A scathing independent report into the behavioural standards and internal culture within the Metropolitan Police has been published today, with House of Lords member Baroness Casey of Blackstock reporting “institutional racism, misogyny and homophobia’ in the force.
The review, which first began in February last year, followed a string of scandals and crimes involving former and serving Met officers – including the murder of Sarah Everard by Wayne Couzens; the jailing of two constables who shared images of murdered sisters Bibaa Henry and Nicole Smallman in a WhatsApp group; and officer David Carrick who admitted 24 counts of rape.
“This report is rigorous, stark and unsparing. Its findings are tough and for many will be difficult to take, but it should leave no one in any doubt about the scale of the challenge,” writes Baroness Casey in her foreword.
In response, Met commissioner Sir Mark Rowley said both him and his colleagues are “under no illusions” about the “deep significance” of the “very sobering report”.
He said: “We recognise that the discrimination in the organisation that’s affected Londoners and colleagues, the absence of sufficient support for frontline officers trying to do their best for London, and the failings in service standards to Londoners, is not acceptable.”
Sir Mark also added the force has already developed a draft “turnaround plan” for reform in the institution.
Sign up to our free Indy100 weekly newsletter
Nevertheless, the report is indeed “unsparing”, with the full review totalling more than 360 pages.
Fortunately, we’ve had a read through of the report and provided below some of the report’s most damning comments.
1. “Inadequate management”
The first conclusion doesn’t hold back, as it finds there are “systemic and fundamental problems” with the running of the Met, as it lacks “clear systems, goals or strategies”, running on “a series of uncoordinated and short-lived initiatives, long on activity but short on action”.
Baroness Casey continues: “The organisation has a ‘we know best’ attitude. It dismisses external views and criticisms, and adopts the attitude that no one outside the Met can understand the special nature and unique demands of their work. This hubris has become a serious weakness.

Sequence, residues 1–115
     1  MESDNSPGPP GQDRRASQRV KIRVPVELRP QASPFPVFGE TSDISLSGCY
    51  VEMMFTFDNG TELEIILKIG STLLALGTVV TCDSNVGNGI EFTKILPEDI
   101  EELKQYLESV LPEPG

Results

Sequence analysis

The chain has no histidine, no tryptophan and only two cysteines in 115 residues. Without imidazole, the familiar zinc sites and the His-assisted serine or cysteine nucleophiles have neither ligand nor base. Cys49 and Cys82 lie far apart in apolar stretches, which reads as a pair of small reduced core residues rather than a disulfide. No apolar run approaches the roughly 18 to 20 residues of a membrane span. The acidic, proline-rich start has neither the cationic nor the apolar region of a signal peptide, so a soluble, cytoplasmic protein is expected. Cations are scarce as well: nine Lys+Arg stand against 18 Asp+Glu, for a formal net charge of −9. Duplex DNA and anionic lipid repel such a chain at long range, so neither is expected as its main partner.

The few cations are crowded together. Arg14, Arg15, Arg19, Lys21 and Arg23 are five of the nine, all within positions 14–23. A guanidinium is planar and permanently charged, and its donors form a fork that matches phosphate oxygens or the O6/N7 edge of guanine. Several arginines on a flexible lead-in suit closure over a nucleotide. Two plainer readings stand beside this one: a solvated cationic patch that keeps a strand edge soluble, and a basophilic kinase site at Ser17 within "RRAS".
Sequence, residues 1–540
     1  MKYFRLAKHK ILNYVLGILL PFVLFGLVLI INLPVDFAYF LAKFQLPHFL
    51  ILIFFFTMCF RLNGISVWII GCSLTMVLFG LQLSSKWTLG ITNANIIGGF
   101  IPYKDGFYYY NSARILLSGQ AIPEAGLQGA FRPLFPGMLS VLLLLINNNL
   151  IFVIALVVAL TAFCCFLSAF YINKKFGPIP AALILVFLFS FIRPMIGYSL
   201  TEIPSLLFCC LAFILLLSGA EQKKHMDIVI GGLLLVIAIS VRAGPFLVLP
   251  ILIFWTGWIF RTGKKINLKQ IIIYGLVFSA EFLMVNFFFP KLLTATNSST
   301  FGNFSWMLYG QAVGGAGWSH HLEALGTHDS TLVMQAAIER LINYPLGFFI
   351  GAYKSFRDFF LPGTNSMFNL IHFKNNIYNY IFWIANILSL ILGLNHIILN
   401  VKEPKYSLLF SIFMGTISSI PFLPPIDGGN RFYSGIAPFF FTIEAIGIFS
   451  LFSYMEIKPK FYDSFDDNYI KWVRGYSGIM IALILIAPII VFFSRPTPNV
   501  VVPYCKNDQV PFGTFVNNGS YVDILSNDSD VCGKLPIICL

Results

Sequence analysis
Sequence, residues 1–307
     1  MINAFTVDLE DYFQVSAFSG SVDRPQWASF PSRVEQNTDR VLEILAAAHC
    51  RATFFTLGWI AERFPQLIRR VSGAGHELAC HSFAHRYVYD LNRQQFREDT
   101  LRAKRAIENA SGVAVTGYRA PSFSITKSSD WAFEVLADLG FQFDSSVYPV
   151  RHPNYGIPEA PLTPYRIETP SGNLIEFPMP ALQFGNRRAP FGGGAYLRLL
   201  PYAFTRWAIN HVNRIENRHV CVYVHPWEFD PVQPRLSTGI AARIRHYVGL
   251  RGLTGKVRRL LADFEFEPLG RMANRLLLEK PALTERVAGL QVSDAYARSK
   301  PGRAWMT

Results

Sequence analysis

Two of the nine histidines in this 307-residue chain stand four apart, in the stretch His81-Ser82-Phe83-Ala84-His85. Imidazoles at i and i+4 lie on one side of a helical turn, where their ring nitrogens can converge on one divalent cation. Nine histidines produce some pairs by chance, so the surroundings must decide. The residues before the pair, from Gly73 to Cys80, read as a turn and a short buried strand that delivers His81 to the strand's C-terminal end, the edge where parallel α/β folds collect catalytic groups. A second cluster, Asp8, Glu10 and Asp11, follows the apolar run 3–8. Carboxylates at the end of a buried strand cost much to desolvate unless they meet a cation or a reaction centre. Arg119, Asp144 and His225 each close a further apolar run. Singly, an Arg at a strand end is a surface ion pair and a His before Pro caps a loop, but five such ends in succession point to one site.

“The Met does not easily accept criticism nor ‘own’ its failures. It does not embrace or learn from its mistakes.
“Instead, it starts from a position that nothing wrong has occurred. It looks for, and latches onto, small flaws in any criticism, only accepting reluctantly that any wrong-doing has occurred after incontrovertible evidence has been produced.”
She criticised this attitude as “short-sighted” and one which “undermines policing by consent”.
2. Policing “will attract those who wish to abuse the powers conferred by a warrant card”, and the Met “has not taken this fact seriously”
Baroness Casey slammed the force’s vetting processes as “not vigilant” when it comes to “identifying clear warning signs” – such as applicants having past instances of indecent exposure or domestic abuse.
She warns: “In the absence of vigilance towards those who intend to abuse the office of constable, predatory and unacceptable behaviour has been allowed to flourish. There are too many places for people to hide. The integrity of the organisation remains vulnerable to threat.